Thursday, September 4, 2014

MicroReview - Cooler Master Elite 343 Mini Tower Case

Disclaimer / warning: This review contains opinions. Also, if you're looking for a technical specification or unbiased information on how this piece of hardware actually fulfills it's duty, you won't likely find it here. But, if you are a system builder and would like a second opinion or hints on what to keep in mind when working with this specific component, look no further. :)

The Cooler Master Elite 343 is a lightweight aluminum mini-tower case that fits a microATX motherboard, all up to the maximum 244 mm depth. When unpacked, this is what the case looks like:
As additional packaging material, there are three small bags of screws included: 
  • M3 screws (the ones with a tighter thread) - 16 pcs,
  • 6-32 screws (round head) - 16 pcs, and
  • 6-32-6 screws (hex head) - 17 pcs, 
plus a handful of cable ties and nine motherboard stand-offs. Also, a small buzzer (PC speaker) and a manual are included.

The front panel fingerprint-magnets are nicely covered with thin transparent film. The film is not in one piece, but rather in separate bits for each (re)movable surface it covers. This means that you can avoid removing the film until the last moment when your system is finished.
From behind, the case looks like this:
Pretty much a standard case layout, with a top-mounted power supply (not included). Both side panels are fixed with thumbscrews that are easy to remove. The side panels themselves are a bit tricky to fasten to the sides - as is often the case with softer panels - need to take care to make sure both the top and the bottom edge are properly fastened from each fastening point. On the back and the left side panel, there are mounting points for additional fans. Only the topmost cover for extension cards (the main PCIe slot, usually) is removable and re-attachable using a screw.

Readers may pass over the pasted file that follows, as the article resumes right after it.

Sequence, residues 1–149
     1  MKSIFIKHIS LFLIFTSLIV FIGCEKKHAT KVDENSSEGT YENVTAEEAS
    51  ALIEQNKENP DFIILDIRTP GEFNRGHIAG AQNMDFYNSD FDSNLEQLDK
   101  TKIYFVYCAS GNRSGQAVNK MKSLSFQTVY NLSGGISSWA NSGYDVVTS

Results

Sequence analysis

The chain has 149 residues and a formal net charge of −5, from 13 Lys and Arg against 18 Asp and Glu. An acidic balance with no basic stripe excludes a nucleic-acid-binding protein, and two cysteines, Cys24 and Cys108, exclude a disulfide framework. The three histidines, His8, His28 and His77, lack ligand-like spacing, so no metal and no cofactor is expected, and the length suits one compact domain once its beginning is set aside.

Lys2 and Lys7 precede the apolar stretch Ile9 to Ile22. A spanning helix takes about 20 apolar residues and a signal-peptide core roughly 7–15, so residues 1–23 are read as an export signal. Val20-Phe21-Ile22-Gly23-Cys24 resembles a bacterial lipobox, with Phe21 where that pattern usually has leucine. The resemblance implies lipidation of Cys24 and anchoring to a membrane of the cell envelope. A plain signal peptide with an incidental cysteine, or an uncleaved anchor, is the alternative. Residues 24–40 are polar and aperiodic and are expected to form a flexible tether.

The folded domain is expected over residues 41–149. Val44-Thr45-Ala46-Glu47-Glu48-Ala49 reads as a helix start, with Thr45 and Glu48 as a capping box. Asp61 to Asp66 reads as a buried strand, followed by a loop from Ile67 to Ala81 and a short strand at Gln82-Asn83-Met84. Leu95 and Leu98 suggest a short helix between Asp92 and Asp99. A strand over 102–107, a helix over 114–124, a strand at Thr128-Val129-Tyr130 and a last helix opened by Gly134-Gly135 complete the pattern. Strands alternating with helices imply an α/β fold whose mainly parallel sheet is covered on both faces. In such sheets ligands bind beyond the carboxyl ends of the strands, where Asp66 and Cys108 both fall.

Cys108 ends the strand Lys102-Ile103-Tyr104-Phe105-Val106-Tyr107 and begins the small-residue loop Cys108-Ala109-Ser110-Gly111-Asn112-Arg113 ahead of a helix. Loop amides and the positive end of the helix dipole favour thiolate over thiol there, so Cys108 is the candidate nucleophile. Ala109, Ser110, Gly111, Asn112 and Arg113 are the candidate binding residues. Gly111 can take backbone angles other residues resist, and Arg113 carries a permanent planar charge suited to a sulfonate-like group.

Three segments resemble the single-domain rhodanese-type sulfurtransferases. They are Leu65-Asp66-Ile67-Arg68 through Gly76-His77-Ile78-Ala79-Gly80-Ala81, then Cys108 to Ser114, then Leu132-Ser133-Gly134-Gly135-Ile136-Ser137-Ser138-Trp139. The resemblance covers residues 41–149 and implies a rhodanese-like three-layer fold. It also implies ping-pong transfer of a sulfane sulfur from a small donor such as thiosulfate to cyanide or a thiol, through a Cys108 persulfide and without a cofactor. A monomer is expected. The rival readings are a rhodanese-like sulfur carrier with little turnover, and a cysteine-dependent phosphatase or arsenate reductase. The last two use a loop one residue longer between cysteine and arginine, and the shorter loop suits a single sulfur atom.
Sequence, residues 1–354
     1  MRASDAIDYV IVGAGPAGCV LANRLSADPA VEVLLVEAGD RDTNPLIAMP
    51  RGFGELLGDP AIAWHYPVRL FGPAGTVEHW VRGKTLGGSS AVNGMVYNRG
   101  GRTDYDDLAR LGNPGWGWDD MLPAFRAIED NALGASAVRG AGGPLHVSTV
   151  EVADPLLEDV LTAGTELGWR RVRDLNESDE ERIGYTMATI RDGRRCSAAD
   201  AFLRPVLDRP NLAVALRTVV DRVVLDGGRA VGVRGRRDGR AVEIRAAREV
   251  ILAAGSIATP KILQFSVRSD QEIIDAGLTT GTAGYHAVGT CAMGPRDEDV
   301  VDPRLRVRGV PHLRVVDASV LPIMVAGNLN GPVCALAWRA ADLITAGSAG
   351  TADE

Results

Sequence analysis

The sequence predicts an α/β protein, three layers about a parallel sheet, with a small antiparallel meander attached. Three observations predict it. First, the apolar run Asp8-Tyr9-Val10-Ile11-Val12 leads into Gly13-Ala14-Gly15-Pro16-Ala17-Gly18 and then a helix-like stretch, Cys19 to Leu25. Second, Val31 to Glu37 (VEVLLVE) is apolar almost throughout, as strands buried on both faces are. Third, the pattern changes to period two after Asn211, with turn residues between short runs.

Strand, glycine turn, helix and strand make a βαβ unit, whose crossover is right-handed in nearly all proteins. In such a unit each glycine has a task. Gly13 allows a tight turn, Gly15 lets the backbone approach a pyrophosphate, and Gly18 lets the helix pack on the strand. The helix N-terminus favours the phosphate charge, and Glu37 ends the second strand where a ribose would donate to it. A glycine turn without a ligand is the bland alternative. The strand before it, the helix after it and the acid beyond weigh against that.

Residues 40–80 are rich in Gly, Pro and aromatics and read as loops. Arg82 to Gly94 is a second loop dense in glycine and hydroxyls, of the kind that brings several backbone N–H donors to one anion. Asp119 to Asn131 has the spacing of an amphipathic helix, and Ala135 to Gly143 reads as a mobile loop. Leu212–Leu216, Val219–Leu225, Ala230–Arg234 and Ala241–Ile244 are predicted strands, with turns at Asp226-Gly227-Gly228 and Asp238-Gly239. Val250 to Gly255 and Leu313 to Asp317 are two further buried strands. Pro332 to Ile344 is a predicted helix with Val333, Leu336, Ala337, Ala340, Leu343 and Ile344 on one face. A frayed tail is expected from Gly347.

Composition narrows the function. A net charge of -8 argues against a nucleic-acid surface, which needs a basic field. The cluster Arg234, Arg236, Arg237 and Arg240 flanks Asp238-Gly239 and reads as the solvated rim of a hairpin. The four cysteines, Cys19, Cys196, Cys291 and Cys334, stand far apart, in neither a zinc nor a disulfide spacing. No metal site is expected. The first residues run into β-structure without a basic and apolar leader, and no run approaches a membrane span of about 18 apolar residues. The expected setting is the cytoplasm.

On the inside (at least in my case), the wiring for the front panel fan was really well hidden. Had to remove the motherboard-side panel to get to the wiring. Also, there's an interesting thumbscrew to fix the drive bay. As it turns out, the drive bay is removable - but to remove it, you would also need to unscrew four additional screws on the bottom of the case. Wouldn't recommend keeping them unscrewed though for convenience, since the drive bay adds a reasonable amount of strength to the otherwise soft aluminum case.

The front panel wiring does not have a universal plug and is provided as separate wires. In addition to the usual LEDs and switches, there are also a plug for HD audio, an AC'97 connector and one USB connector for the front-panel USB ports.
As mentioned before, the front panel features a case fan, with both a 4-pin HDD connector and a 3-pin fan connector available.

Installing the motherboard and a PSU to the case was a breeze, no problems encountered. The 5.25'' drives are made especially simple to install, with quick fasteners.

Installing a graphics card required a little bit of additional effort - some physical force was needed to fasten the metal panel of the extension card to the back-panel of the case. This was mostly due to the motherboard being mounted very closely to the edge of the case, which left not much room for maneuvering with the card itself.

All-in-all, a solid case with a reasonably small price tag. Not much to look at, but also not something you would need to hide from your friends and family. Easy to use and assemble if you're looking to build a simple microATX system.